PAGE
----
Aces High (1976) British WWI Air Combat Movie

I was curious to watch Aces High as it is one of the few WWI air combat movies we have. I did remember vaguely that some critics didn’t like it at all and wanted to find out for myself. I had the feeling it might not be as good as Der rote Baron aka The Red Baron although that is decidedly more of a guilty pleasure than a movie providing historical accuracy. I was right. Aces High isn’t even remotely as good as Der rote Baron and certainly not on the same level as The Blue Max which depicts a fascinating if revolting character. Unfortunately, it could have been good. It’s a narrow miss. What is particularly annoying is the fact that the flight scenes and the contrast of the combat on the ground and in the air is shown very well. It also shows once more the complacency and inadequacies of the high command. While their pilots are shot down one by one, they sit together, eating, laughing, drinking and gossiping and even deny them parachutes because that would make them week in battle. The movie doesn’t spare us and shows one particularly chilling episode in which we see a pilot falling to a certain death that might have been prevented if he had been given a parachute.

The story is told in a few sentences. Young Lt Croft (Peter Firth) arrives in France after barely 14 hours of flying practice. The CO of the base he has been assigned to is his brother-in-law, Major Gresham (Malcolm McDowell), a man he admires incredibly. He finds Gresham extremely changed. Disillusioned, hardened, distant and a full-blown alcoholic. The rest of the lot is not much better; either they drink or they are shell-shocked. The only nice and cool-headed one seems to be an older officer, Capt. “Uncle” Sinclair (Christopher Plummer).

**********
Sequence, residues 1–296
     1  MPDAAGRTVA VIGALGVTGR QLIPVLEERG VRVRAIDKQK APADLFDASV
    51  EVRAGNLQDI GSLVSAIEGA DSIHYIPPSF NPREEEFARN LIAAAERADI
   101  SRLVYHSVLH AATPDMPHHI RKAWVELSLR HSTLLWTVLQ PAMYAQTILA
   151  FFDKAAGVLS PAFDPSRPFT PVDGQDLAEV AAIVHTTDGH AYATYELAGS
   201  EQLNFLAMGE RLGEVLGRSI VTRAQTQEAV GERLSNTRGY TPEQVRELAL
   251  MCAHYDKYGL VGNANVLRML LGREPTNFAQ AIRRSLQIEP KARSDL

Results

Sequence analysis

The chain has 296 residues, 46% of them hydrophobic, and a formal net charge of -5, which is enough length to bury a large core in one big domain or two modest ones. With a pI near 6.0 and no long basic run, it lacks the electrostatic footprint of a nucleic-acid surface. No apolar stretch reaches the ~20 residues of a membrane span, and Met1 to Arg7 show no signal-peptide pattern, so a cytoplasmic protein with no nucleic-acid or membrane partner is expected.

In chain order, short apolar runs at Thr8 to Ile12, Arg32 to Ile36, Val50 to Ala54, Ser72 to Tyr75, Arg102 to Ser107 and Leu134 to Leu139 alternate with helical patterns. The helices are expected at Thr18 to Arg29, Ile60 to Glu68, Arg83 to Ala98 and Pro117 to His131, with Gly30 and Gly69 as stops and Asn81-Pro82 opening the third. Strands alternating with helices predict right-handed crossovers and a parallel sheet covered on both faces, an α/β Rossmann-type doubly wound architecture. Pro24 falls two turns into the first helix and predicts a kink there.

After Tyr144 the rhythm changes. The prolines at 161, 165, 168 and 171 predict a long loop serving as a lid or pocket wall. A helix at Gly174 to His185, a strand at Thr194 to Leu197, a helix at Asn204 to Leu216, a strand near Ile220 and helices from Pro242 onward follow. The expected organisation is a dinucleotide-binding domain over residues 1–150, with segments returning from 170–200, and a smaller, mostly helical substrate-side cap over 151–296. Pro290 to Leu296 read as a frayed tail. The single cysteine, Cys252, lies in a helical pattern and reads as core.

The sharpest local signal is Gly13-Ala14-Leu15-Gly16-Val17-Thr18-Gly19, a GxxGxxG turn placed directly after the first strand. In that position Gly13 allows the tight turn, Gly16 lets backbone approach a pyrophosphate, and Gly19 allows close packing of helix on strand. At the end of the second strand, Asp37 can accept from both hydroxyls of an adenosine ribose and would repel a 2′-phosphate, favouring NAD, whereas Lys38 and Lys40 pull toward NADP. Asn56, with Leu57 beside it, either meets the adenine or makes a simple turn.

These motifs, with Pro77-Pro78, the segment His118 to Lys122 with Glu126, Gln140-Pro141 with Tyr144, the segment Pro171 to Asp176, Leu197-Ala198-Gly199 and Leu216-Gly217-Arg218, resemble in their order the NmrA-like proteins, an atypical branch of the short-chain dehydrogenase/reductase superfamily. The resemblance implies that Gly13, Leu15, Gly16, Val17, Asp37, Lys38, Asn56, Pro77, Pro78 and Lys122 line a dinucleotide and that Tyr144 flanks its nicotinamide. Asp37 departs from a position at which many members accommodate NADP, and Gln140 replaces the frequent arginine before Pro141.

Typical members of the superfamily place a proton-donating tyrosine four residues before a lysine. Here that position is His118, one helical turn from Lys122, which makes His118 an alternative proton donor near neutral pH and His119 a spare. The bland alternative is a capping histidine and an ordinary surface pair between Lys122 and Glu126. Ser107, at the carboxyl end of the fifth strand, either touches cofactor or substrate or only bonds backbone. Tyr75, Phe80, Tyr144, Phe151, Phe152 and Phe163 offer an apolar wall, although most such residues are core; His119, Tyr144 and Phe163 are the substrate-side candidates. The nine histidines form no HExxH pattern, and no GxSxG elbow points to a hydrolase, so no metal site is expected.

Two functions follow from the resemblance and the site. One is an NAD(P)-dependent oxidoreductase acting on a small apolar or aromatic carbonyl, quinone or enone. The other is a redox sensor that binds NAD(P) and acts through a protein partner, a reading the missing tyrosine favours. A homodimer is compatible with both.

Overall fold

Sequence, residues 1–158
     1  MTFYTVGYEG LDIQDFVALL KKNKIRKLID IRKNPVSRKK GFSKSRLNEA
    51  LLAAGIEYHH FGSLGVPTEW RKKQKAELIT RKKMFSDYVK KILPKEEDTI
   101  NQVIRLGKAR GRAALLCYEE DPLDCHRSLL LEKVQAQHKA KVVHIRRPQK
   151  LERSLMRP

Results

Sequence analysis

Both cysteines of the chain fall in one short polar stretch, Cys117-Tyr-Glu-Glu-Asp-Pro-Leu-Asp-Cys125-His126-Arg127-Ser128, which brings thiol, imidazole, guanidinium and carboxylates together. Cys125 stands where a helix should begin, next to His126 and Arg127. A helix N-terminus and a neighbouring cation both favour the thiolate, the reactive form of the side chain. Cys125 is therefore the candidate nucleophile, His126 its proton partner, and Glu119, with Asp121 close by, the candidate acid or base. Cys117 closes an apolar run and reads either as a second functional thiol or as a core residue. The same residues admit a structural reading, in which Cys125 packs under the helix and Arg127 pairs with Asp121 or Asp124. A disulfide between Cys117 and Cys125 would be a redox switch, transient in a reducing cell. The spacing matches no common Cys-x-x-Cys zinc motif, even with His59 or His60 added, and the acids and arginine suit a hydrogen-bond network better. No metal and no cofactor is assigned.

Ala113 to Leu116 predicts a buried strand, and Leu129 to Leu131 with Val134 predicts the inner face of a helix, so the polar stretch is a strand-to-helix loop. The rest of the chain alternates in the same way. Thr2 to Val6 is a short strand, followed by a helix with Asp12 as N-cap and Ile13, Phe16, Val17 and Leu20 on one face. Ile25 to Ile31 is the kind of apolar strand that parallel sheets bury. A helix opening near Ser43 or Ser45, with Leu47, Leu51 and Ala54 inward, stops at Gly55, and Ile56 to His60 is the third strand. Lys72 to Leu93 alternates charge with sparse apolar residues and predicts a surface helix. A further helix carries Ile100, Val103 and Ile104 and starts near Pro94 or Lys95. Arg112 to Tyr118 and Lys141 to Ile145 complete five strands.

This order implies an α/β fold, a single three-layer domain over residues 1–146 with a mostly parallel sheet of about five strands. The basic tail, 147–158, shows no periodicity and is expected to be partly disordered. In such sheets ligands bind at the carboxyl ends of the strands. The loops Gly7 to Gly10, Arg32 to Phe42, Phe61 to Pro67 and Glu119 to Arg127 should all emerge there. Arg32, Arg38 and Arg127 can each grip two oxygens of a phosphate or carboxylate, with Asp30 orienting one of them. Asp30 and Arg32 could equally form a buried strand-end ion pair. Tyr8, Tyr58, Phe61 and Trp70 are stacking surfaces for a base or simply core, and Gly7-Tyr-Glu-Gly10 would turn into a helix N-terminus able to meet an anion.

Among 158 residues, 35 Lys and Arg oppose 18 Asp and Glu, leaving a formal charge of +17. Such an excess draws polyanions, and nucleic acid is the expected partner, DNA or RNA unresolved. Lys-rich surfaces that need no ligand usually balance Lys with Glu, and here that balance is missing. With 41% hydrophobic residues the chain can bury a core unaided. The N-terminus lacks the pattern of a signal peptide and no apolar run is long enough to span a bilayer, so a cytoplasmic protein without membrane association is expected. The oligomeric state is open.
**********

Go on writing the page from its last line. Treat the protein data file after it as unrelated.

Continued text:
Gresham cannot spare young Croft and has to take him on dangerous missions right away. The young man enjoys every minute of it. He is naive and enthusiastic.

You will probably think that this doesn’t sound too bad, I agree, it doesn’t but it still isn’t a good movie. Aces High has a big problem with its characters. Apart from Christopher Plummer’s character, they are uninteresting, flat and two-dimensional cardboard figures. This is disappointing because, as said, the air combat scenes are decent, the planes are decent and there is one incidence in which they make a trip to the front line and see a group of blinded soldiers that is quite harrowing. I’m afraid, I can’t rate this any higher than 3/5.

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14 thoughts on “Aces High (1976) British WWI Air Combat Movie

  1. warmoviebuff says:

    Thanks for the review. I had not seen the movie for about thirty years and remember it fondly. It was one of the first movies I videotaped and then the videotape was destroyed later. I have been trying to get a copy of it unsuccessfully. Your review will make me feel better about not being able to see it. I guess we sometimes remember things too fondly.

    • You are welcome. There are bits and pieces that are quite good but as a whole it doesn’t work. And the actor is so off-putting. He was perfect for Clockwork Orange.

    • Tripaneitagain says:

      Aces high has the best ever war film title music, “Luftwaffe” march. Worth watching for that alone. Never mind looking for great acting, you have to understand what the writing of this tale is about.